As various countries around the world begin to gradually ease coronavirus restrictions, some tourist destinations are getting ready to open back up and welcome visitors. It’s worth pointing out that nonessential travel is still generally frowned on by experts. Be that as it may, in spite of the pandemic—or perhaps, because of it, due to cabin fever or “quarantine fatigue”—people have made it clear they’re ready to resume traveling.
But what will tourism look like in a COVID-19 world? With social distancing measures still in place, visitors can expect a wholly different experience when traveling to certain locales. Here’s some of what’s opening up and when—as well as what tourists can expect.
The international travel ban imposed on The Bahamas will be lifted on July 1, at which point the Caribbean archipelago will resume welcoming visitors. However, only the islands that have contained the outbreak will be open to tourists. Those who have been cleared to travel will be permitted to move freely between these islands—which include Cat Island, Long Island, Abaco and Andros, Mayaguana, Inagua, Crooked Island, Acklins, Long Cay, Ragged Island, and Rum Cay.
When arriving, incoming travelers will be required to undergo temperature checks at airports and seaports, and social distancing measures will also be enforced. Likewise, masks must be worn in terminals, during security checks, customer screenings, and at the baggage claim. Resorts will also have to adhere to strict regulations for the safety of both employees and guests, and buffets will remain closed for the indefinite future.
Though most international flights won’t resume operations until July 1, Greece has moved its opening date up to June 15. Grecian beaches have already reopened, as well as the Acropolis in Athens. However bars and nightclubs that make up much of the country’s tourism revenue will remain closed.
“The tourism experience this summer may be slightly different from what you’ve had in previous years,” Prime Minister Kyriakos Mitsotakis recently told CNN. “Maybe no bars may be open or no tight crowds, but you can still get a fantastic experience in Greece—provided that the global epidemic is on a downward path.”
On June 3, Italy began allowing travelers from the 25 other countries in the Schengen Area—a travel area that has abolished passports and all other types of border control and which covers much of Europe—to pass freely with no restrictions. But the country doesn’t expect to see a huge uptick in travel at least until 2021, and it could potentially be 2023 before Italy’s tourism sector completely recovers.
Annunziata Berrino, a contemporary history professor from Federico II University in Naples, compares the effects of the pandemic to the period immediately following World War II, in terms of rebuilding and revitalizing the country’s rich tourism industry.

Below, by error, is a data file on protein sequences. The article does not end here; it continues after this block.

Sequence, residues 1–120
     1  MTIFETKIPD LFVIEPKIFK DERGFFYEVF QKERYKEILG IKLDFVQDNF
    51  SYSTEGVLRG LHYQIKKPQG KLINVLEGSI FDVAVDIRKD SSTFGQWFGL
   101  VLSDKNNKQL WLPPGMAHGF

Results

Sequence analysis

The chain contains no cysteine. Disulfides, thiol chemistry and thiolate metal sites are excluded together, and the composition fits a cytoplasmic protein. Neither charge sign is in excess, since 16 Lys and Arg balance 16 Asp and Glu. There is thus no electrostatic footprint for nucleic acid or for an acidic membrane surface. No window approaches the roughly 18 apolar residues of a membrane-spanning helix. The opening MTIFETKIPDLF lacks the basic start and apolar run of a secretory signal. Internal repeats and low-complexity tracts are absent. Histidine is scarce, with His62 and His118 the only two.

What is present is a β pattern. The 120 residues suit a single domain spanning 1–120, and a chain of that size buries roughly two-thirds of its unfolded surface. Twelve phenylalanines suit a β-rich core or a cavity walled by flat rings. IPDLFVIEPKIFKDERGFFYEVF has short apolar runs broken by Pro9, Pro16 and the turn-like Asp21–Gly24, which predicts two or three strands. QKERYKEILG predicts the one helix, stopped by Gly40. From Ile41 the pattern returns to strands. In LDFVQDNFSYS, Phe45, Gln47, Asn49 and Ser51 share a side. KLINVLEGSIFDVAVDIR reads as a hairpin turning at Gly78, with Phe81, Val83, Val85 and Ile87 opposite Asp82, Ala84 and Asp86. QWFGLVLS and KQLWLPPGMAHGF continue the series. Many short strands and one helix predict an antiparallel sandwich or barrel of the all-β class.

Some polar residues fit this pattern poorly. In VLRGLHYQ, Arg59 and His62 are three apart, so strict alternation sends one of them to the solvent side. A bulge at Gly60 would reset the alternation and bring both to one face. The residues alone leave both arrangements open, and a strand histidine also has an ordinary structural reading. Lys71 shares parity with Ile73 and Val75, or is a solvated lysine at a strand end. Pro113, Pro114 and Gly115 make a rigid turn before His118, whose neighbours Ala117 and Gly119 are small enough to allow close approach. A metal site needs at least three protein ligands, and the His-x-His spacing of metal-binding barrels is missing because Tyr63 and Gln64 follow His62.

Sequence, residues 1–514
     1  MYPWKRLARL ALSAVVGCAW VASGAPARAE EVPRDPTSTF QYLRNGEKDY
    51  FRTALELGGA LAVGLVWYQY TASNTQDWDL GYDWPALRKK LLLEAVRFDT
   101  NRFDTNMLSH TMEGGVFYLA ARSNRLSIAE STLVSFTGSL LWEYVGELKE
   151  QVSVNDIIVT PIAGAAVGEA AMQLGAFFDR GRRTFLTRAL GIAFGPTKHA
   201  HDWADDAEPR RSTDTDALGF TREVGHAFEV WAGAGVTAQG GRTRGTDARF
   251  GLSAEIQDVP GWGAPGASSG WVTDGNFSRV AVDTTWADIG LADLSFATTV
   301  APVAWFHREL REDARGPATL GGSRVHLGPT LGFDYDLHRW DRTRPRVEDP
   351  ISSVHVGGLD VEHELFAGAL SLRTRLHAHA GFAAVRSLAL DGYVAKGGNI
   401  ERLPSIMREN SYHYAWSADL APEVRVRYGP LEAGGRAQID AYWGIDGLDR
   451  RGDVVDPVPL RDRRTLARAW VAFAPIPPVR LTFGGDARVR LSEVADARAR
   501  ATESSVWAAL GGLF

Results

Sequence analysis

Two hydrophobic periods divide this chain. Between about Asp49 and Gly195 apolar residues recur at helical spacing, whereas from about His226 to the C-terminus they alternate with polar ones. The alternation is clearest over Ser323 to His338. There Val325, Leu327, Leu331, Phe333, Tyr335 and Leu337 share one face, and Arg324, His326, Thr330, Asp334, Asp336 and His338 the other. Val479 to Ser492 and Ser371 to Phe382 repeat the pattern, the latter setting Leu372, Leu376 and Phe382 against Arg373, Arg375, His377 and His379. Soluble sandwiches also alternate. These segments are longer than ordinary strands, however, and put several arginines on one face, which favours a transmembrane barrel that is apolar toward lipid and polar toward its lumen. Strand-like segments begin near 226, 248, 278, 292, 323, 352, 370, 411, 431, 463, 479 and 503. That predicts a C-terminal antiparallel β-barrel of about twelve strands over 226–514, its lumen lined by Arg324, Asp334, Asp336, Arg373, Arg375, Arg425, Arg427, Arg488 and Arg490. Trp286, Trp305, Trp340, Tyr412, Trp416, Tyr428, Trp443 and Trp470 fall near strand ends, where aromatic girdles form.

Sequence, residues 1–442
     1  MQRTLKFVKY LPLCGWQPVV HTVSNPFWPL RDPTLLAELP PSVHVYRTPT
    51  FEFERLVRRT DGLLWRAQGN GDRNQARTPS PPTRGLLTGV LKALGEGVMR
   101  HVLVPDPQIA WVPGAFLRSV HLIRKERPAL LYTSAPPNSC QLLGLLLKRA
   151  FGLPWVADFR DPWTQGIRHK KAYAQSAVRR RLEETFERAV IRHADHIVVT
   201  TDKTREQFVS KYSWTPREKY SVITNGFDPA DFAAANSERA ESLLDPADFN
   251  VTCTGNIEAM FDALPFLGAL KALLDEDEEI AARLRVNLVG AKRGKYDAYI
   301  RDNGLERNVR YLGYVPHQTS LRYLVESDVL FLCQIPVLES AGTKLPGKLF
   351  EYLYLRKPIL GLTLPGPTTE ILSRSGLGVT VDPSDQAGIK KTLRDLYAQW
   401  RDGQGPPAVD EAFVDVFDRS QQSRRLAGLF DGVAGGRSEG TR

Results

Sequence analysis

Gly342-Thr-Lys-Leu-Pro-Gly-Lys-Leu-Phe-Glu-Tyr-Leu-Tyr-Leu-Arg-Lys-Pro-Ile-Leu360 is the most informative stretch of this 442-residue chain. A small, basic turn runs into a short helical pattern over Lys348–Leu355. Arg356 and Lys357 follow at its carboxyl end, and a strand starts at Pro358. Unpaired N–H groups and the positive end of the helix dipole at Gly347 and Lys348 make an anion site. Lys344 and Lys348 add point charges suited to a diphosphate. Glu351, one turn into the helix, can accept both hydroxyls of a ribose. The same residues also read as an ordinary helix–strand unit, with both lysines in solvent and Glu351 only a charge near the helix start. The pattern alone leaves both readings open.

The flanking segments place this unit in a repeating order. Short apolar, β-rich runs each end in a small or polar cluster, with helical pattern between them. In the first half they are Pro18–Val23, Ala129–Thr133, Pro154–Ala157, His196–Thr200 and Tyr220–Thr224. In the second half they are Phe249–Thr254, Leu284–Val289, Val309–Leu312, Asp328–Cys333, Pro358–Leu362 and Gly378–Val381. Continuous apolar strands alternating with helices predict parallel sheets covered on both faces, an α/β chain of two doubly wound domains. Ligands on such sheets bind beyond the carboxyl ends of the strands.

“Italy struggled to emerge from the destruction of the war,” said Berrino. “In the first years, things were tentative. Nobody had money to spend, and few could afford to travel far from home. There were no shops to cater to tourists. Menus weren’t printed in different languages. People who came to the cities just did what the Italians did.”
Starting July 1, Spain will no longer require foreign visitors to quarantine for two weeks, effectively kickstarting the summer tourism season. Spain typically attracts 80 million tourists a year and the tourism industry accounts for 12% of the country’s gross domestic product (GDP).
The Balearic Islands region, which includes the resort island of Ibiza, will also reopen. The island’s famous nightclubs and discotheques were recently allowed to reopen during phase 3 of lockdown deescalations—though not without considerable restrictions. In addition to allowing just one-third capacity, dance floors were removed to create room for additional table space, and masks are still required when social distancing cannot be practiced.
The Republic of Seychelles began allowing foriegn visitors at the beginning of June but with strict limitations. Currently, the archipelagic state in the Indian Ocean off the coast of Africa is seeking out “high-end” tourists, who will be traveling on private jets and chartered flights and staying at remote island resorts. These visitors will also not be permitted to leave their resorts during their stay through the month of June.
“We are expecting a small number of visitors coming in during this first phase because they have to be able to charter a flight. The resort will function much like a quarantine facility,” said Didier Dogley, the minister for tourism, civil aviation, ports and marine.
Commercial flights will resume in July, but the government isn’t expecting a huge influx of visitors in the initial stages of reopening. Incoming tourists will be required to take COVID-19 tests 48 hours before arrival, and they must present proof of lodging arrangements before being granted entry.
Visitors will also have to pay a $50 fee to support local public health measures, and the country’s tourism department is planning to introduce a contact tracing app to track the movement of tourists during their stay.
On July 15, the U.S. territory will reopen to tourists, and according to Discover Puerto Rico, visitors might have to self-quarantine for 14 days, regardless of whether they’re showing symptoms.